Interaction Between Attention and Language Systems in Humans: A Cognitive Science Perspective

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This paper will discuss one of the components of social cognition that is necessary to perform well, both on verbal and non-verbal social interactions, namely the capacity of joint attention. Research findings suggest that joint attention is an irreplaceable skill in human development for both social cognition and language acquisition. This paper will discuss the different components of joint attention and their meaning for human social interactions, as well as the neurological underpinnings involved in the establishment of joint attention studied by neuropsychological research. The relevance of joint attention for social cognition.

As children learn and adapt to their surrounding physical and social world, special cognitive capabilities are necessary to promote rapid individual progress in learning the essential skills necessary for coping well with life.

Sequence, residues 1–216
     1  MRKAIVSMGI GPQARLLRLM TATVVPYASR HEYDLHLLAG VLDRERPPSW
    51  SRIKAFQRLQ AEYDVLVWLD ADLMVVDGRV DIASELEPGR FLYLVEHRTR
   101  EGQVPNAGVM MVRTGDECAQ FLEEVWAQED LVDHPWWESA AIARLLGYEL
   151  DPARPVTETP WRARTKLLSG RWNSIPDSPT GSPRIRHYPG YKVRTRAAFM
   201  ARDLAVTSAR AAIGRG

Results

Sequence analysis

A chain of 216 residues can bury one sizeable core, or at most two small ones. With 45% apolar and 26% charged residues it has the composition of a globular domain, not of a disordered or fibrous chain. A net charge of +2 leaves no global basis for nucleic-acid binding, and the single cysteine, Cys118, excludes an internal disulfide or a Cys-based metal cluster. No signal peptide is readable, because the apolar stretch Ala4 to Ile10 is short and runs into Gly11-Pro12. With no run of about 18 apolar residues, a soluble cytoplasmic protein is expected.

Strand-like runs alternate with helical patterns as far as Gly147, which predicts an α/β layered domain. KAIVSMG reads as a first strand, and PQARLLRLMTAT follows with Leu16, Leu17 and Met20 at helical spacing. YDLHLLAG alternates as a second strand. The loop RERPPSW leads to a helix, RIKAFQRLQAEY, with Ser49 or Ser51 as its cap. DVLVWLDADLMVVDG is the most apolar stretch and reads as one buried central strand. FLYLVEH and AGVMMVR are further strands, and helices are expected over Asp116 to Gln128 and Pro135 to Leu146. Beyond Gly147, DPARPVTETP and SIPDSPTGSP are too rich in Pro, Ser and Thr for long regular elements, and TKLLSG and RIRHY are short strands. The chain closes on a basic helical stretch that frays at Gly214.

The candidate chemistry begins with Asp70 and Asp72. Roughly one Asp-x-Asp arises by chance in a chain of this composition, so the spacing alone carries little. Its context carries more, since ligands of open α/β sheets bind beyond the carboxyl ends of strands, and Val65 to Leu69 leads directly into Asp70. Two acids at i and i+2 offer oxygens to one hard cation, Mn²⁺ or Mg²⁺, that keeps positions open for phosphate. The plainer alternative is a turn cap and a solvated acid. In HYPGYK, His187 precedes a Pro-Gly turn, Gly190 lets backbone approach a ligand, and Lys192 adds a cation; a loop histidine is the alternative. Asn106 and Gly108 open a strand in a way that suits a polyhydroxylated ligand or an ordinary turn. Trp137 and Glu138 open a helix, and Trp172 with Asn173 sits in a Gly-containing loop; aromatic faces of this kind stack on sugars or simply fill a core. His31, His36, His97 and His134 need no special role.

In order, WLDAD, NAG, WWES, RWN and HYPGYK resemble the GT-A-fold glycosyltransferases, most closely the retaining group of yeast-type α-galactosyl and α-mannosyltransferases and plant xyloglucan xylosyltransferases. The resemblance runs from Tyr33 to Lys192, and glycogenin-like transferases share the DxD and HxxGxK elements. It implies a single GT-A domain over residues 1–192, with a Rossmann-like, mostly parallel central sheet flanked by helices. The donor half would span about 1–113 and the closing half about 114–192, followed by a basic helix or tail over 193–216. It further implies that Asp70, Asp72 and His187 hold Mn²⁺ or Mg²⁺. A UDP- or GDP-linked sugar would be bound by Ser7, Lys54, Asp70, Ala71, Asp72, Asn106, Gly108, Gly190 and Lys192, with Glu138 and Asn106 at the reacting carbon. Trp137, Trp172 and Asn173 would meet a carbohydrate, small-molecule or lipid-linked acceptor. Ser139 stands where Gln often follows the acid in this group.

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One crucial element of social interaction is joint attention. Frith and Frith defined joint attention as a means of sharing representations of the world, by allocating attention away from an item of interest to one observed by another person. This type of attentional shift is highly advantageous in promoting rapid learning, as the repertoire of experienced events grows exponentially when attending to discoveries made by others.

From this point of view, joint attention is related to empathy, since the sharing of representational worlds benefits and promotes the development and sustenance of empathy: the ability to understand and resonate with the emotional experience of another human being, thus making it possible to share feelings Purves et al. This model states that two individuals can align their perceptual perspective of the world, thereby creating a common background vital for the exchange of information.